Selling defined contribution health plans: benefit-cutting vouchers in “employee choice” clothes

Original Reporting | ByMike Alberti, Meade Klingensmith | Health care, Insurance

Oct. 24, 2012 — In late September, the Wall Street Journal reported that two large corporations — Sears Holding Corp. and Darden Restaurants Inc. — will soon dramatically change the way that they provide health insurance to their employees.

Although proponents of the defined contribution model promote it as serving the interests of employees, the results of Remapping Debate’s inquiries make clear that the central motivation is to shift the risk of rising health insurance costs from employers to employees.

Beginning next month, Sears and Darden — the latter of which owns several restaurant chains, including Olive Garden and Red Lobster — will cease to offer defined benefits in which the employer, as part of its compensation package, provides employees with a set of health insurance benefits and continues to offer those benefits even when the employer’s costs for insurance rises.  Instead, they will implement a defined contribution model, in which the companies will offer employees a fixed annual sum — like a voucher — that they can use to buy insurance for themselves and their families.

Although proponents of the defined contribution model promote it as serving the interests of employees, the results of Remapping Debate’s inquiries make clear that the central motivation is to shift the risk of rising health insurance costs from employers to employees.

Though Sears and Darden are the only large companies that have announced such a change as of yet, many observers believe that if the new model catches on, it could have huge implications for the health insurance system in the United States, and represent an end to the multi-generational compact between management and labor.

 

Looking out for the interests of their workers?

In order to justify the change to employees and to the public, promoters of defined contribution plans have launched a large-scale marketing campaign, the central claim of which is that a defined contribution model will benefit workers by giving them more “choice” of insurance plans and “empowering” them to make their own health care decisions. Both Sears and Darden claim that offering their employees greater choice is the primary reason for changing their model.

According to numerous health care experts, economists, and even some in the consulting industry itself, however, that rhetoric belies the true motivation behind the shift: reducing the company’s exposure to ever-rising health insurance costs by shifting those costs directly onto employees, who will be forced to either pay more out of pocket for the same level of insurance or pay the same amount for less robust coverage.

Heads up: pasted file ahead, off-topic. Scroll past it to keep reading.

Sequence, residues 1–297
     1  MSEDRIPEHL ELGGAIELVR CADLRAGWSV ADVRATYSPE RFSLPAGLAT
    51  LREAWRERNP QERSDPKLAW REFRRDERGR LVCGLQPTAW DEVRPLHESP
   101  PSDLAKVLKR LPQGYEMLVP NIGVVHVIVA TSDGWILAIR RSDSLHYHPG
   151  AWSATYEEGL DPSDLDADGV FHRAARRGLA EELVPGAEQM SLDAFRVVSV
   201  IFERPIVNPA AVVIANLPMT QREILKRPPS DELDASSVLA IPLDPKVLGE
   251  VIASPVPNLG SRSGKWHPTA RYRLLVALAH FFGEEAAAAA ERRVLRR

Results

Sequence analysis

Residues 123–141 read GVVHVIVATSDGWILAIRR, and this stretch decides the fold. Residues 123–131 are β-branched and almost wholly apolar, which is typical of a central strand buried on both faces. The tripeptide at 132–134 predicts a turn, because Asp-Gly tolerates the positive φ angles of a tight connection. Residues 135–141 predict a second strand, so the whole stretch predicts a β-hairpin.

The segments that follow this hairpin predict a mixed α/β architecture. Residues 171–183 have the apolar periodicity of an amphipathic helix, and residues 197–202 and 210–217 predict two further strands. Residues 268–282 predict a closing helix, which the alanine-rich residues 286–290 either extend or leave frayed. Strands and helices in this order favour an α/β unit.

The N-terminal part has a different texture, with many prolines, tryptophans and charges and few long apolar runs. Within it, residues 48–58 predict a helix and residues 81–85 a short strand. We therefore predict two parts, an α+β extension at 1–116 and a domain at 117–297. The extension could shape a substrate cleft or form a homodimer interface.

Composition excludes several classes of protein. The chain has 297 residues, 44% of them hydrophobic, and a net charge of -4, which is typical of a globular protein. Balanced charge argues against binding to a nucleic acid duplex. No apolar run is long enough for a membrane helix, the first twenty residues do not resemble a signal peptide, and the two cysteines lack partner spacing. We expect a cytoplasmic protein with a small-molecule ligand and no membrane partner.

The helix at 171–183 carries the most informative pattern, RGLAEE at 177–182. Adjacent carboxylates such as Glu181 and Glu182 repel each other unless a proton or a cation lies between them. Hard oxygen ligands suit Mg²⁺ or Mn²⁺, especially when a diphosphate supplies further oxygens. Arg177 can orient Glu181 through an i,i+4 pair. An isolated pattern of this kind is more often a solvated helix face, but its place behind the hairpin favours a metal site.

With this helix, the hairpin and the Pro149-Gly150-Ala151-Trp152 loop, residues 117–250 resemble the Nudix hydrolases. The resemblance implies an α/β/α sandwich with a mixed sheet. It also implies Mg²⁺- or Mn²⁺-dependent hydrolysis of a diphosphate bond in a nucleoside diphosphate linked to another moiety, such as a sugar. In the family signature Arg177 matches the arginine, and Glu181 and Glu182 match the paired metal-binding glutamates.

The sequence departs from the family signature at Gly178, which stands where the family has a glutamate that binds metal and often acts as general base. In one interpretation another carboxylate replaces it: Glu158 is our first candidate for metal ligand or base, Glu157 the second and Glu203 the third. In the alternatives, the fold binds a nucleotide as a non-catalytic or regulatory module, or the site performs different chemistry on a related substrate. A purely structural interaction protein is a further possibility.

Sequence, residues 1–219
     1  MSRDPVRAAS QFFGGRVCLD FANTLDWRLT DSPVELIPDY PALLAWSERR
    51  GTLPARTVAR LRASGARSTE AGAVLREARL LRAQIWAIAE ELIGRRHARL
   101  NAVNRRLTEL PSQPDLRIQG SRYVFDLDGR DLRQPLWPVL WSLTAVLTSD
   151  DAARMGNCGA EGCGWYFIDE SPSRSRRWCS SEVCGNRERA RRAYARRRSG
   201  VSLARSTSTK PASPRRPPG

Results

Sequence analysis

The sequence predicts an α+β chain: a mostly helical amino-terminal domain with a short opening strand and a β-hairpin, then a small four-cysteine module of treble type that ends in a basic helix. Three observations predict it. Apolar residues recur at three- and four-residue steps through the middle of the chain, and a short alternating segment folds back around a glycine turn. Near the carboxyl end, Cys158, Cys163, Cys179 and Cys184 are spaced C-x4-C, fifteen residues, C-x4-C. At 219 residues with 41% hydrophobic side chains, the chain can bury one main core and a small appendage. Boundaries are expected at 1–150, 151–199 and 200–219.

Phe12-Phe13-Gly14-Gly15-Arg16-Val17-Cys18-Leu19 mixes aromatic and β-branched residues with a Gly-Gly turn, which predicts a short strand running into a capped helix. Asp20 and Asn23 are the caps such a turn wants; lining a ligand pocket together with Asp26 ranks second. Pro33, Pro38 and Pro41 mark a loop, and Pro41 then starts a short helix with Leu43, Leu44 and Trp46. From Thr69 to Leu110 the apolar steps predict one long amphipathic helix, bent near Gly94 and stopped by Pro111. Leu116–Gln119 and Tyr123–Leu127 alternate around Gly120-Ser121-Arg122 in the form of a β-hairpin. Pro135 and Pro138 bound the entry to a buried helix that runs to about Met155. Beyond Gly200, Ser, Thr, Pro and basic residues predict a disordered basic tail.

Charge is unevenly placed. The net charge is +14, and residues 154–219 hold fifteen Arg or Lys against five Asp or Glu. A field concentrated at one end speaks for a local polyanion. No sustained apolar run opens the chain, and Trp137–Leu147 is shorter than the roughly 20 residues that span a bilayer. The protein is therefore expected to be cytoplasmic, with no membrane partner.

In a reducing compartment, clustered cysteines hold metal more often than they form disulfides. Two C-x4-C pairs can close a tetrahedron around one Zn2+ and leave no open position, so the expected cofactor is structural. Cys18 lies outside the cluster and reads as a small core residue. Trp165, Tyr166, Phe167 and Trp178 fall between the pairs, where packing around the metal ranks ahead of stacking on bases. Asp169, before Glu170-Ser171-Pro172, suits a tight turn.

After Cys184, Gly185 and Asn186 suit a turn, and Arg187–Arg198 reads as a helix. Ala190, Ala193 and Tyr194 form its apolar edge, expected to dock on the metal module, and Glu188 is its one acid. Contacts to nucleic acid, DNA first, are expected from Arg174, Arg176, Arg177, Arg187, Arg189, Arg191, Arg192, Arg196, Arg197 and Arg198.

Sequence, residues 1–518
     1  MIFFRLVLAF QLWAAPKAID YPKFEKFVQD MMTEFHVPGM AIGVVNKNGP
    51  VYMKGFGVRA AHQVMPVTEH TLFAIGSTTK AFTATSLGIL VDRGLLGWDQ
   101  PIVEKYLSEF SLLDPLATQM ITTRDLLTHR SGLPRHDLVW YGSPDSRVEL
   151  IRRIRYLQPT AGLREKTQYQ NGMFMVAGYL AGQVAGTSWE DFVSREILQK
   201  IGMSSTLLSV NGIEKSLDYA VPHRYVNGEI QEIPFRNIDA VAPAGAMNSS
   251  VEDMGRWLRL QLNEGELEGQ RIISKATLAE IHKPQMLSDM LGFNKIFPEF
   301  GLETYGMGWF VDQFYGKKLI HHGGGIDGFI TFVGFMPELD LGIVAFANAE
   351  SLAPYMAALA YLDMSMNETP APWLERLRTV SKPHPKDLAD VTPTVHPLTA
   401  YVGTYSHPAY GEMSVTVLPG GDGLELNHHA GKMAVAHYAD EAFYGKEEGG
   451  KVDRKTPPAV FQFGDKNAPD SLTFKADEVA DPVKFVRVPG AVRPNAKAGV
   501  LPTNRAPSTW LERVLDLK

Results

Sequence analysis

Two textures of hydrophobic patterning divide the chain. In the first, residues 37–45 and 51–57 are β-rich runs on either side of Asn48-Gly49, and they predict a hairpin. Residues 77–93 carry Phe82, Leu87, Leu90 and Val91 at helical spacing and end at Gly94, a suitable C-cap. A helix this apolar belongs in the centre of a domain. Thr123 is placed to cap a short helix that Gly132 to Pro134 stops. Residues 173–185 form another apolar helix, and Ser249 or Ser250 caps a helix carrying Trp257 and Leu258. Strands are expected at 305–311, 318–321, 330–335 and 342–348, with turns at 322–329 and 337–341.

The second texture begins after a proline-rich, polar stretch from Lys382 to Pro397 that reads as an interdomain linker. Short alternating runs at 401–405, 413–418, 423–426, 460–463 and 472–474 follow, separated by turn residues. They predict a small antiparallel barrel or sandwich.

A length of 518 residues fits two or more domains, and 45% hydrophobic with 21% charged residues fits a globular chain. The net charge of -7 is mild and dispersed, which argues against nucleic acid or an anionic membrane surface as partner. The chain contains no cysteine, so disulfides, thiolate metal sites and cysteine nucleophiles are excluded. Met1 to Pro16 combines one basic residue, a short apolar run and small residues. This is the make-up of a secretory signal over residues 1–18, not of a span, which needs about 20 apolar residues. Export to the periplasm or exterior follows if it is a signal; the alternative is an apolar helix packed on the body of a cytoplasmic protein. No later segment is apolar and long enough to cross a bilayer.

“Employers have been trying to cope with rising premiums for years by shifting costs onto their employees,” said Kathleen Stoll, the director of health policy at Families USA, a patient and consumer advocacy group. “This is really just one more strategy for doing that.”

 

Expanding choice or cutting costs?

“Employers have been trying to cope with rising premiums for years by shifting costs onto their employees,” said Kathleen Stoll of Families USA. “This is really just one more strategy for doing that.”

The employees of Sears and Darden will not be using their defined contributions to “shop” for insurance in the broad individual market. Both companies will be participating in a so-called “private exchange” run by the benefits consulting giant Aon Hewitt, in which multiple insurance companies will offer multiple group plans, and employees will choose among the “menus” of plans offered. At the inception of the voucher system, employees won’t have to pay more than they do now to continue their current level of benefits (though they would have to pay more out-of-pocket for the premiums associated with the relatively high-benefit options).

Thereafter, the costs of a selected plan to an employee may rise faster than any increase in the size of the voucher the employer provides, and the elements of what a plan “buys” for an employee may be reduced.

These “private exchanges” — which share some similarities to the public state exchanges prescribed by the Affordable Care Act and are being marketed using some of the same rhetoric — are an essential part of the marketing strategy, according to patient advocates.

“These exchanges will let the employer create this menu of plans, which will allow them to say to their employees, ‘Look at all the choices we’re giving you,’” said Carmen Balber, the director of the Washington, D.C. office of the advocacy group Consumer Watchdog.

Indeed, Sears and Darden have been using that same rhetoric. Though Sears did not respond to requests to comment further for this article, a spokesperson told the Wall Street Journal that the shift “is about increasing associate choice and options for health care.” Ron DeFeo, a spokesperson for Darden Restaurants, told Remapping Debate that the company was responding to a perceived desire on the part of its employees for “more choice and more options.”

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